Verdict: Simon Nye gives us a good story, focusing on the companion’s decision making and Arthur Darvill’s performance is particularly strong.  9/10

Cast: Matt Smith (The Doctor), Karen Gillan (Amy Pond), Arthur Darvill (Rory Williams), Toby Jones (Dream Lord), Nick Hobbs (Mr Nainby), Joan Linder (Mrs Hamill) & Audrey Ardington (Mrs Poggitt)

Writer: Simon Nye

Director: Catherine Morshead

Behind the Scenes

  • The only story in the series not to allude to the Silence or the Cracks, and therefore the only story not to be referenced in the finale.  It does, however, link to some elements of the Series 6 arc.

Familiar Faces

  • Nick Hobbs previously appeared in The Curse of Peladon, The Monster of Peladon and The Claws of Axos, and operated the Wirrn prop in The Ark in Space.
  • Toby Jones would go on to portray Straxus in the Big Finish audio box set Dark Eyes.

Best Moment

The scene with the Doctor and the Dream Lord in the Butcher’s shop.

Best Quote

Ask me what happens if you die in reality.

What happens?

You die, stupid, that’s why it’s called reality.

The Dream Lord and Rory Williams

Amy's Choice - Ponchos

The Claws of Axos

Claws of Axos - Axons

Obviously the Time Lords have programmed the TARDIS always to return to Earth.  It seems that I am some sort of intergalactic yo-yo!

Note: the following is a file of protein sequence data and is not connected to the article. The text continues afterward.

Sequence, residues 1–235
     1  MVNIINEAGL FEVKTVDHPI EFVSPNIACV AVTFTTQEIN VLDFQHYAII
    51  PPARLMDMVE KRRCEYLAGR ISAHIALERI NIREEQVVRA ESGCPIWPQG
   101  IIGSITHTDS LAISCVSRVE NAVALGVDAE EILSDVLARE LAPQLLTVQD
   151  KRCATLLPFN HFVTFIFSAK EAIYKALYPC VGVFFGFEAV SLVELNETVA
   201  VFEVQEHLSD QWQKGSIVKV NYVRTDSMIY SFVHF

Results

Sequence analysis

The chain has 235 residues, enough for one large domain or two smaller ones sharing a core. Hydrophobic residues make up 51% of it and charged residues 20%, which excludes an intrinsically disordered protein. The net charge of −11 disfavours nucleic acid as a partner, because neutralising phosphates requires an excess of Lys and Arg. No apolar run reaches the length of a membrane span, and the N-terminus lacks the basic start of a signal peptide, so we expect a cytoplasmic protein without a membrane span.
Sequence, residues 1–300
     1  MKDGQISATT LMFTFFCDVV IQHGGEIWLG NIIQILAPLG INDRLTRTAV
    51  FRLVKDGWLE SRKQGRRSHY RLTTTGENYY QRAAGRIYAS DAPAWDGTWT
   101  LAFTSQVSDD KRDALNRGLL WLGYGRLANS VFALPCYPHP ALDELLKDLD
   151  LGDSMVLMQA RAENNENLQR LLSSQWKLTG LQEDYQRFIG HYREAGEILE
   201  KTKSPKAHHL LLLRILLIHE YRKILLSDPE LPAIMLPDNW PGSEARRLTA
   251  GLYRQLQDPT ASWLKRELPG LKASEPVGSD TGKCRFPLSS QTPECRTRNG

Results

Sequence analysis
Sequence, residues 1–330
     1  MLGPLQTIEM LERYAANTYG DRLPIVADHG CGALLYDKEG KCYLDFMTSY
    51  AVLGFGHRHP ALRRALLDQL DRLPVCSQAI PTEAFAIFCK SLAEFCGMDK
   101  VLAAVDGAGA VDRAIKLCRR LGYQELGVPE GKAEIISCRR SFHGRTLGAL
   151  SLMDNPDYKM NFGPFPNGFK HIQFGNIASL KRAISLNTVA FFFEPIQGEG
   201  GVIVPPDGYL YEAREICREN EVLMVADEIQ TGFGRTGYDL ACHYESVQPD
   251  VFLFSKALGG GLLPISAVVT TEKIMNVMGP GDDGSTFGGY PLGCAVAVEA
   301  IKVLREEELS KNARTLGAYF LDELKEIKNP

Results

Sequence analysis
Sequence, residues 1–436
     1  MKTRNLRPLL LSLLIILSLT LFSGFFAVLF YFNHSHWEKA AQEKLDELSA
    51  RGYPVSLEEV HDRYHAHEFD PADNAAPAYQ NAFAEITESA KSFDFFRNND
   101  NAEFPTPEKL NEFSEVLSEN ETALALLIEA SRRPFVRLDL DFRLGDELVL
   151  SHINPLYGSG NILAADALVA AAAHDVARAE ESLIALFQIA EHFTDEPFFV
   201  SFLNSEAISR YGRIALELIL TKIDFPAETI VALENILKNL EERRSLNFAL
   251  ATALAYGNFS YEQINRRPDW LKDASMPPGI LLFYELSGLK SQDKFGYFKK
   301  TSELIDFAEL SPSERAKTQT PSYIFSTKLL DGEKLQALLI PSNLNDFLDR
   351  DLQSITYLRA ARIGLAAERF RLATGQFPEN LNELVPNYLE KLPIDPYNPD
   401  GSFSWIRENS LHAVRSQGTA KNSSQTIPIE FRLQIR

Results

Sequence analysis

The Third Doctor

Synopsis

A group of gold-skinned aliens arrive on Earth offering a seemingly magical element in return for fuel.  The Doctor sees through their seeming benevolence and uncovers their true nature, ultimately teaming up with his adversary the Master in efforts to take them down.

Review

It’ll be no secret to anybody who has read my other blogs about the Jon Pertwee era that it is one that I am immensely fond of.  I really enjoy the Third Doctor’s man of action, the UNIT Family (especially the Brigadier!) and Roger Delgado, however, that doesn’t stop me from seeing how formulaic things get.  The Claws of Axos is a solid, if unremarkable, story with a lot of familiar elements and I acknowledge that it is unfair to lay all the faults of Season 8 squarely at the door of this serial.

As mentioned above, all of the hallmarks of the Third Doctor’s era are here.  We have an interfering civil servant in the shape of Mr Chinn, played by Peter Bathurst, who gives a good performance as an utter jobsworth who seems to be equally despised by the Doctor, UNIT and the Ministry that he serves.  Chinn is shown to be the worst of humanity when he is presented with the Axonite, only wanting it to benefit Britain and being extremely reluctant even when instructed by the Minister to share it with the rest of the World.  There is somewhat of a see-saw of control in this story, as the Brigadier and Chinn are constantly vying to stay in control of the situation surrounding the seemingly distressed Axon craft, with the Brigadier, Benton and Yates arrested by the military at one point.  Whilst other civil servants have acted foolishly (see Geoffrey Palmer’s infected Masters in The Silurians) or acted antagonistically towards the Doctor and the Brigadier, Chinn seems completely callous.  When he wanders into the reactor room towards the serial’s conclusion, he is more concerned about the potential impact on his career than the fate of the Earth.